Fig5. Diverticulectomy Diverticulectomy is proved to be the most efficient method of alleviating dysphagia [18], compared with simple myotomy or myotomy associated with diverticulopexy [17]. The technique implies identification of the diverticulum, dissection of the adhesions with conjunctive tissue to the diverticular opening, which is just superior to the transversal fibers of cricopharyngeal muscle, resection of the pouch and restoration of the esophageal wall by manual suture in one or two layers. The section of the diverticulum using linear stapler, followed by one layer of manual suture for safety, simplifies this approach. If the surgical intervention is well done, the incidence of salivary fistula, specific complication of this operation, is minimal [19]. On the other hand, postoperative fistula at this level has a good prognosis under conservative treatment, being enough wide drainage by opening the cervical wound and NPO, with the healing of the leak in a couple of days. There are few cases in the literature with esophageal fistula that did not heal under conservative treatment, making iterative surgery necessary. In the second operation was found that there was an incomplete myotomy, the correction of the myotomy leading to the healing of the leak [20]. This kind of intraoperative findings support the etiologic theory of this disease, enhancing the importance of associating myotomy during surgery, whatever is the attitude regarding the pouch. This is considered by many authors the most important part of the surgical treatment [19, 21]. Myotomy can be executed on the posterior midline, in order to avoid the relapsing that appear in case of lateral myotomy, before or after approaching the pouch, on 2-3 cm, and needs to cut the transversal fibers of crico-pharyngeal muscle, 1-2 cm from the fibers of inferior pharyngeal constrictor muscle [22] and 1 cm from the circular muscular layer of the esophagus. Despite the fact that surgical morbidity decreased from 20-30%, where it was two decades ago, too few percents in the present, mortality cannot be neglected, being around 1-2% [23]. All these have stimulated the development of alternative minimal invasive procedures. In comparison with classic surgery [24, 25], diverticulotomy with endo-stapler obtains favorable functional results (92-93%), similar with standard surgical approach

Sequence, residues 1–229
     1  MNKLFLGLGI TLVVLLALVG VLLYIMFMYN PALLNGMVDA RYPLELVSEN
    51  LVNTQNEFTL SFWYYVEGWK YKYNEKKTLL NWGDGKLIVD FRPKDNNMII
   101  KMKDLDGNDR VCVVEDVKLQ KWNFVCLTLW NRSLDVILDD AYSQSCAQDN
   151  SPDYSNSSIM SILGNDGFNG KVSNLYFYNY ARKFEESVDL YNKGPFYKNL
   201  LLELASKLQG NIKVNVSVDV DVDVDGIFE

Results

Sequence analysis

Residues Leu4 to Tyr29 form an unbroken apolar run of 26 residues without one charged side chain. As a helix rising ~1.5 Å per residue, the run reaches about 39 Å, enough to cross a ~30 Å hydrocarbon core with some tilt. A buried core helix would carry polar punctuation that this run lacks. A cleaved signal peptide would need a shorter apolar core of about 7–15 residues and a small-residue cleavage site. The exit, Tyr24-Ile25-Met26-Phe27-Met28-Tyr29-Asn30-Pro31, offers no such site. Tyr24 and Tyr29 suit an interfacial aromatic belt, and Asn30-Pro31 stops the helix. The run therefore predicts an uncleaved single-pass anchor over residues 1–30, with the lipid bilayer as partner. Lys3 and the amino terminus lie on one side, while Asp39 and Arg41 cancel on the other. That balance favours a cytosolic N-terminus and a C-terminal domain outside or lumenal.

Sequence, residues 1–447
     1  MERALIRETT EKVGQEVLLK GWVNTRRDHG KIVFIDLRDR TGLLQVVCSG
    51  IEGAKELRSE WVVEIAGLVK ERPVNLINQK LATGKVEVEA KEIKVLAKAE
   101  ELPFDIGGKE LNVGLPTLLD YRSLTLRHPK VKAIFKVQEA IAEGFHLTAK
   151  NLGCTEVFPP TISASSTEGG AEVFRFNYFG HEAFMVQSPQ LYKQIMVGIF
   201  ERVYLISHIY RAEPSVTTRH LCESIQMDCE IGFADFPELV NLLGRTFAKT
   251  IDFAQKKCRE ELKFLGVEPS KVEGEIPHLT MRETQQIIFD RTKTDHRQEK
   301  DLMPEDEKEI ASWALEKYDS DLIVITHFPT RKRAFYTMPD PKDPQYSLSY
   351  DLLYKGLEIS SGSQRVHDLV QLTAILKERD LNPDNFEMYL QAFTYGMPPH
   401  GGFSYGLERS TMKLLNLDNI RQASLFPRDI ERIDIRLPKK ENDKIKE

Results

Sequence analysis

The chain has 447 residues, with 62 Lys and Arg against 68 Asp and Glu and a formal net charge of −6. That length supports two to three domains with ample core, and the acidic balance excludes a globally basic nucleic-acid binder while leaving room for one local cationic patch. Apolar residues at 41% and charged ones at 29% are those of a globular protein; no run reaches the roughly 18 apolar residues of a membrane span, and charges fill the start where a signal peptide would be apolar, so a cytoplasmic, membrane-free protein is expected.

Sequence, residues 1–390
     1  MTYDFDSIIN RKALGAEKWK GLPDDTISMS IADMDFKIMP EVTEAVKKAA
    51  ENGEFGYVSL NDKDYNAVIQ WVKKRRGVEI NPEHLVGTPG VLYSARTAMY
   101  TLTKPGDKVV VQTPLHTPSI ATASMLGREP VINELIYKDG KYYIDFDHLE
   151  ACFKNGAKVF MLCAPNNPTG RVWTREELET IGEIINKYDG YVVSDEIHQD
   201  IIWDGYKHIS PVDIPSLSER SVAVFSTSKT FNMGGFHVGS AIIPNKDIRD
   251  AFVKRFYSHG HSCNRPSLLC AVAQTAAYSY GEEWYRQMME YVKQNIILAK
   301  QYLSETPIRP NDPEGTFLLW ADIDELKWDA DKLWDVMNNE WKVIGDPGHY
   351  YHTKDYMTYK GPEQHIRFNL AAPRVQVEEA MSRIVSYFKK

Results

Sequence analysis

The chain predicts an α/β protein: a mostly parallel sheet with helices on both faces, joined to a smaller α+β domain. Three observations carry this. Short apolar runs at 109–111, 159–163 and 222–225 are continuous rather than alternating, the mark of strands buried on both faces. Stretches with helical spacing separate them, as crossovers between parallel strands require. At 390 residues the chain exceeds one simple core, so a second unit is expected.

(diverticulectomy and crico-pharyngeal muscle myotomy), instead being minimal invasive. First attempts of endoscopic treatment of Zenker diverticulum, by cutting the muscular septum that separates the diverticular pouch from the esophageal lumen (diverticulotomy) belongs to Mosher in 1917[26]. Using the technique available at that time, the results were unacceptable, due to high incidence of mediastinal infectious complications. The idea was resumed by Dohlamn and Mattson in 1960 [11], by cutting the septum with the electrocautery, latter on using laser. Today, Dohlmans technique is abandoned [28], because is difficult to control the depth of the injury and are too many risks (mediastinitis, fistula, hemorrhage, lesions of recurrent laryngeal nerve). In 1993, Collard had introduced diverticulotomy using endostapler, which decreased morbidity. The endoscopic procedure requires general anesthesia with tracheal intubation. The hypo pharynx is exposed using bivalve Weerda laryngoscope, which is positioned behind endo-tracheal tube using an upper digestive endoscope, so that the two blades enter one in the esophageal lumen and the other in the diverticular pouch, exposing the separating septum. The septum is cut using linear endostapler of 35 mm (EndoGIA), creating a common cavity, in the same time with the section of Upper esophageal sphincter [25]. The advantages compared with classic surgery are the absence of scar, diminished postoperative pain, early reestablishing of oral feeding and reduced length of hospital stay [24]. Specific complication is perforation during the use of the stapler, the management of this complication implying conversion to open surgery and diverticulectomy [31]. CONCLUSIONS Esophageal diverticulum, although benign pathology, requires complex surgical procedures that implies significant morbidity. The diagnosis is suspected based on clinical symptoms and easy confirmed by imaging studies available almost everywhere (barium passage and upper endoscopy). Surgical indication must be carefully established, after thorough evaluation. Esophageal manometry must be included in the investigations of these patients, on one hand for the assessment of dysphagia and on the other hand for optimization of indication and surgical technique. The simple approach of the diverticular pouch through diverticulectomy or diverticulopexy is insufficient, the therapeutic protocol impose the interception of etiologic mechanisms, esophageal myotomy distal to the diverticular opening being indispensable. This has to be done carefully, to the level of mucosa, regardless of the macroscopic look, often normal, of the muscular layer. The simple myotomy as therapy, exposes the patient at specific risks given by the presence of diverticular pouch, including malignant transformation. After long-term evolution, is known that this complication is diagnosed almost exclusively at the pathologic examination of the diverticular resection specimen.